It was agony for my family. I want to make clear that I come from a good family; a family that, despite our flaws, our normal tendencies to fight, would never intentionally hurt one another. I am a middle child in a "yours, mine, and ours" family with two brothers and parents who are ten years apart in age. We are a modern large family, but it works for the most part... that is until it comes to my sister.


Every family resource (time, money, worry) went into making her well. I do not believe she recognizes that still, but it is true. There was no room for anything else. There was no room for fun holidays or quiet dinners or happy birthdays, no matter how much we tried to have those things. I remember, my mother once said to me when I was in my mid-twenties, "You were such a happy kid growing up." That surprised me. I didn't remember one day before my sister left home at eighteen, that I was happy.


Luckily, she did leave... for about 10 months. I thought my prayers were answered! Friends, when I say I was begging for my childhood roommate and household bully to leave, I mean it. I shouldn't have, but I prayed everything from her quitting school (where she would frequently and violently attack me in the halls) and moving far away to her overdosing on the various drugs she ingested on a regular basis. That makes me seem cruel, but as a child, I had no idea what to do! Every single day was a new barrage of physical and mental abuse that, though try as they might, could not even be stopped by my parents. The police would be called; she would be spoken to, but short of kicking her out or pressing charges, what could be done?


Still, at eighteen, she met someone she would marry (for at least a few months) and she moved away to Missouri... and then Lodi, or where ever she could find a spare couch. That lasted, like I said, for 10 incredible and peaceful months. It was like a new lease on life! She became pregnant and moved back in with us and I felt all of the fear well up in me again. She had her baby (a beautiful little boy who is now twelve) one month before my seventeenth birthday and the beginning of my senior year of high school. I didn't leave my room much that last year at home and took the first full-ride offered to me at an university I ended up hating in order to leave as quickly as I could.


She lived for two more years at home once I left for college. When she physically abused her son, my parents gained custody and she was asked to leave. She has been married at least once more and has had two more children, who now live with her second husband and do not have contact with her after she had been abusive toward them as well.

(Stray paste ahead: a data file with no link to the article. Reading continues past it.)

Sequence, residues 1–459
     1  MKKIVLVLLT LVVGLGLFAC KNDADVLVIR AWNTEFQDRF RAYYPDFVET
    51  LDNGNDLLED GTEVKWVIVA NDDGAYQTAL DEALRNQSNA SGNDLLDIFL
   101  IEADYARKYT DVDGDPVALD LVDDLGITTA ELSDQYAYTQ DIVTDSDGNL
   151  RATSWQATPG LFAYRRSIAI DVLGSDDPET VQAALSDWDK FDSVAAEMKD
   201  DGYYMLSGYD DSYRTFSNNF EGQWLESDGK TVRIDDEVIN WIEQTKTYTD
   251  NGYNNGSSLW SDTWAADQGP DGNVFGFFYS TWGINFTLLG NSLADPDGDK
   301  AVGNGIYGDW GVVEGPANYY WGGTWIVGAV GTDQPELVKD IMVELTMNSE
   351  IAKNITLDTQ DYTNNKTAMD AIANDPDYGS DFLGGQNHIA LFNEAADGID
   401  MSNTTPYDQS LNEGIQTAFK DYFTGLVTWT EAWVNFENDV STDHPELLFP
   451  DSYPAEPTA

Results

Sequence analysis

In the ten years since she was asked to leave, I have seen her in person, maybe 3 times. Each time I am so scared I can barely breathe. I get sick to my stomach, I cry, I shake. I fear for her to even know where I live or where I work. She is every terror in frequent nightmares and has left me with a fear of sleeping in a room without a lock on the door. She has helped to create a trauma identity in me and for many years, I was afraid to speak of it to anyone.


"What will they think of me?" I wondered. "Would they see me as weak for being overcome by this person for so long or for letting it sit with me even today? What will they think of my parents? Surely, I know they did what they could, but will others know that as well?"


I couldn't bear the shame of the pain. Isn't that how it always is, though? In this fallen world, Satan will use the worst situations of our lives to make us feel as though WE are the ones to blame and to be ashamed. "If only we had more faith, maybe that wouldn't have happened to us," our brains will taunt us. That's just it, trauma will come, regardless of how strong we are or how much faith we have. Satan makes sure of that. So why do we insist on hiding it and making others believe that their shared experience of trauma, the dramas we even hide from our mamas are wrong?


Today, I shared part of my story with you to let you know that trauma is not God's intention for you, but it also does not mean that you are a bad or weak Christian because it is something you have had to endure. God knows and understands what you are facing and He, in fact, has something to say about it. Next week, I will share part three of this short series with you as we discuss what the Bible has to say about our trauma and how we can run to Jesus and be assured He will carry us through it. I hope you join me.